The XRD spectra of the MoO3@285, MoO3@600, and MoO3 (Sigma-Aldrich) particles presented in Figure 2 show that all three types of particles grew in the orthorhombic crystal structure (JCPD 76-1003). The positions of the peaks all belong to the orthorhombic phase match in all spectra, while widths of the peaks are widened with reduction of the particle size. Variations in the relative intensity of the peaks in the spectrum shown in Figure 2(a) in comparison with the spectra shown in Figures 2(b) and 2(c) are due to the anisotropic shape of the MoO3@285 nanowires.

The polymers, PVDF-HFP (average ) and PEO (average ), both purchased at Sigma-Aldrich, were separately dissolved in dimethylformamide (DMF) () (Acros Organics) at concentrations of 18% and 3%, respectively. The coatings were prepared using different mixing procedures and with different sizes of the MoO3 particles (Table 1). The same mass ratio of 69 : 23 : 8 (PVDF-HFP : PEO : MoO3) was used for all coatings, which were prepared as self-standing thin films. The average film thickness of was determined from optical images.

FilmNanoparticlesMedia 1/temperature (°C)
Step 1
Media 2
Step 2

GMoO3 (Sigma-Aldrich)PEO/RTPVDF-HFP

2.2. Preparation of the MoO3 Polymer Nanocomposites

Parameters of the film preparation are listed in Table 1. The polymer solutions for all nanocomposite films were prepared in the same way; i.e., PVDF-HFP and PEO were separately dissolved in DMF at room temperature (RT) under mixing on the magnetic stirrer (300 rpm) for two hours.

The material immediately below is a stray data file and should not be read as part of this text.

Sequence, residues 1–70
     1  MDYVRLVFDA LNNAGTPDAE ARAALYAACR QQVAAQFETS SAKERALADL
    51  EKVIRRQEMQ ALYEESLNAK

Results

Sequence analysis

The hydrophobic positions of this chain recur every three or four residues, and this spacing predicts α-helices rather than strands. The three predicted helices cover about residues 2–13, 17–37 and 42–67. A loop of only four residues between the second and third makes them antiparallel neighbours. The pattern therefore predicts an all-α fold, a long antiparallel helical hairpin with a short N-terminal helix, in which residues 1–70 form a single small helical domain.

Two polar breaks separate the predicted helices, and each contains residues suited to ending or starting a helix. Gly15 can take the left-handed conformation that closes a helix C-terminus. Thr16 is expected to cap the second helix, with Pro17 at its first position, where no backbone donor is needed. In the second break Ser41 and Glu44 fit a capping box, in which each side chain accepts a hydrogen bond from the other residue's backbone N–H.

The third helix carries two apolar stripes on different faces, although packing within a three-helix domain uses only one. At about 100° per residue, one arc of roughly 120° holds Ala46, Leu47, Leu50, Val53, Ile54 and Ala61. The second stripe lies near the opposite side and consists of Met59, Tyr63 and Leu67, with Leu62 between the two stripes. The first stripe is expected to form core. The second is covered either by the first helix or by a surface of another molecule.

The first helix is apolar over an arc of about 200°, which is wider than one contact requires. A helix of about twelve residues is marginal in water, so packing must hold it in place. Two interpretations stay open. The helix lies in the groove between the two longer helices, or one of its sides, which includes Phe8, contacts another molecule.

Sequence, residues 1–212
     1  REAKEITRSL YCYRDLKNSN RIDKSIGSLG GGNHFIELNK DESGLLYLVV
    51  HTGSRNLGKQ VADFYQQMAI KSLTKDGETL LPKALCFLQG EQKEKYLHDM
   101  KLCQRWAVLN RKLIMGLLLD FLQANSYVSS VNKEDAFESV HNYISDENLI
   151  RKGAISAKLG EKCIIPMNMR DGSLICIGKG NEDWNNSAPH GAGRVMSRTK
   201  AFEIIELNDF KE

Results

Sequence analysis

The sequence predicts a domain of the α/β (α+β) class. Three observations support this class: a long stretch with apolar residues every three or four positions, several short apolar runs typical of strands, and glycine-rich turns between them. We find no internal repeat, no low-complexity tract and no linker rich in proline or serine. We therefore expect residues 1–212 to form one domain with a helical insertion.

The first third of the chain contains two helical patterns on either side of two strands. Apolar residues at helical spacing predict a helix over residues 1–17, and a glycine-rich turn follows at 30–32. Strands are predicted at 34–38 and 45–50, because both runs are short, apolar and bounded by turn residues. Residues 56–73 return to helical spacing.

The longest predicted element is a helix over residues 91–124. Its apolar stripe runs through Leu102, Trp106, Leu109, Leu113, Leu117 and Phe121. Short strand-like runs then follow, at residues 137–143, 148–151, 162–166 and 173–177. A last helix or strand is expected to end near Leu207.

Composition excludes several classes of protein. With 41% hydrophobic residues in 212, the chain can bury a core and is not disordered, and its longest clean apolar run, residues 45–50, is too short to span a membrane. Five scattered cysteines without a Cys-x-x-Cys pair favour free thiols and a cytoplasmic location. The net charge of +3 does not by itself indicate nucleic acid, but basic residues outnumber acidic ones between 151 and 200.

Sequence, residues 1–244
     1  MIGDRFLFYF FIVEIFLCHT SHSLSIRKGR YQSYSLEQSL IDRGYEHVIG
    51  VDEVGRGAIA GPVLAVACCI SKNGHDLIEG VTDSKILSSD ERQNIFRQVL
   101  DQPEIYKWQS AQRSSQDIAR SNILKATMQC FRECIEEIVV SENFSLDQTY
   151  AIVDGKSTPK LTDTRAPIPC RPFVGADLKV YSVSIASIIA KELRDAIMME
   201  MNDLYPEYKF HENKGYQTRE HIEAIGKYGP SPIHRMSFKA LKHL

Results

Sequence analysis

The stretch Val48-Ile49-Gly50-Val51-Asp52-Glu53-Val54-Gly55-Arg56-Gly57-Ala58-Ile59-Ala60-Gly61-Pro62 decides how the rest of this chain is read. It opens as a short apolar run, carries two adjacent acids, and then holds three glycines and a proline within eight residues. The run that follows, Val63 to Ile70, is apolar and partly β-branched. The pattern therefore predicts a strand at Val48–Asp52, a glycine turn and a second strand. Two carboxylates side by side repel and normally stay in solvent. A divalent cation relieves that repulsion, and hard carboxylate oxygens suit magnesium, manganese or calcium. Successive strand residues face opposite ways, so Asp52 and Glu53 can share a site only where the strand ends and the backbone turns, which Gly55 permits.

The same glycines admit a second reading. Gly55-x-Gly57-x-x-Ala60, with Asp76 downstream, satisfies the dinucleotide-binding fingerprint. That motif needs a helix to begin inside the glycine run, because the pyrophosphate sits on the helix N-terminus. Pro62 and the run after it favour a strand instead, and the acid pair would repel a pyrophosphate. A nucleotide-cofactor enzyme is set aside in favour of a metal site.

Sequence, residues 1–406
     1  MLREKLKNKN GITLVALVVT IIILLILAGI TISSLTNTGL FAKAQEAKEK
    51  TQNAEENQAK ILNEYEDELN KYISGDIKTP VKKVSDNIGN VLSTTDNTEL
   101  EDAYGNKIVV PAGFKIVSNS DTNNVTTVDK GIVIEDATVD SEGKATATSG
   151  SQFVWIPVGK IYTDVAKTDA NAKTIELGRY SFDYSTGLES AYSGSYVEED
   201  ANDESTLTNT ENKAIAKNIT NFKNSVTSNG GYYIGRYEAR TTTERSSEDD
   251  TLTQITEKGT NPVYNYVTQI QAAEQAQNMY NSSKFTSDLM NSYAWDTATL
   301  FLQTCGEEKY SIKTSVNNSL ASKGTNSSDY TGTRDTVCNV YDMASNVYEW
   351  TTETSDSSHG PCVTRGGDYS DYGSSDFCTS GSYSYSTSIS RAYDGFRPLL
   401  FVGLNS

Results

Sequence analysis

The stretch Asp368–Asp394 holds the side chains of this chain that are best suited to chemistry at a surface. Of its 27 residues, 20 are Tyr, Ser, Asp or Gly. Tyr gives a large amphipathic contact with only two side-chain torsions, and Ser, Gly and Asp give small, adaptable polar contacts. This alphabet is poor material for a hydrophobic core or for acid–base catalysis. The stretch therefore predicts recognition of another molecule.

With the aim to understand the influence of MoO3 environment on its solubility, the MoO3 nanoparticles were inserted either firstly to PEO only (Step 1) and then both components were in Step 2 mixed with PVDF-HFP (all films but film D), or added directly to previously mixed PEO/PVDF-HFP (film D). All mixtures were stirred for additional 30 min. Such created nanocomposite dispersions were casted into a glass Petri dish and dried at 80°C for 2 h. The effect of temperature during polymer dissolving was investigated in film B, which was prepared all the way at 80°C. To avoid large MoO3 agglomerates, which sized up to 20 μm in films A and B, the MoO3@285 was dispersed in acetone (, Merck) in 0.5 wt.% and allowed to sediment for 2 min. Dried material from the supernatant called (MoO3@285-N) was used in the films C and D. With the aim to resolve the effect of MoO3 and its crystalline size on antibacterial activity, film E without MoO3 was prepared and film F with added large MoO3@600 particles. For comparison with commercially available MoO3, film G was made using MoO3 purchased at Sigma-Aldrich.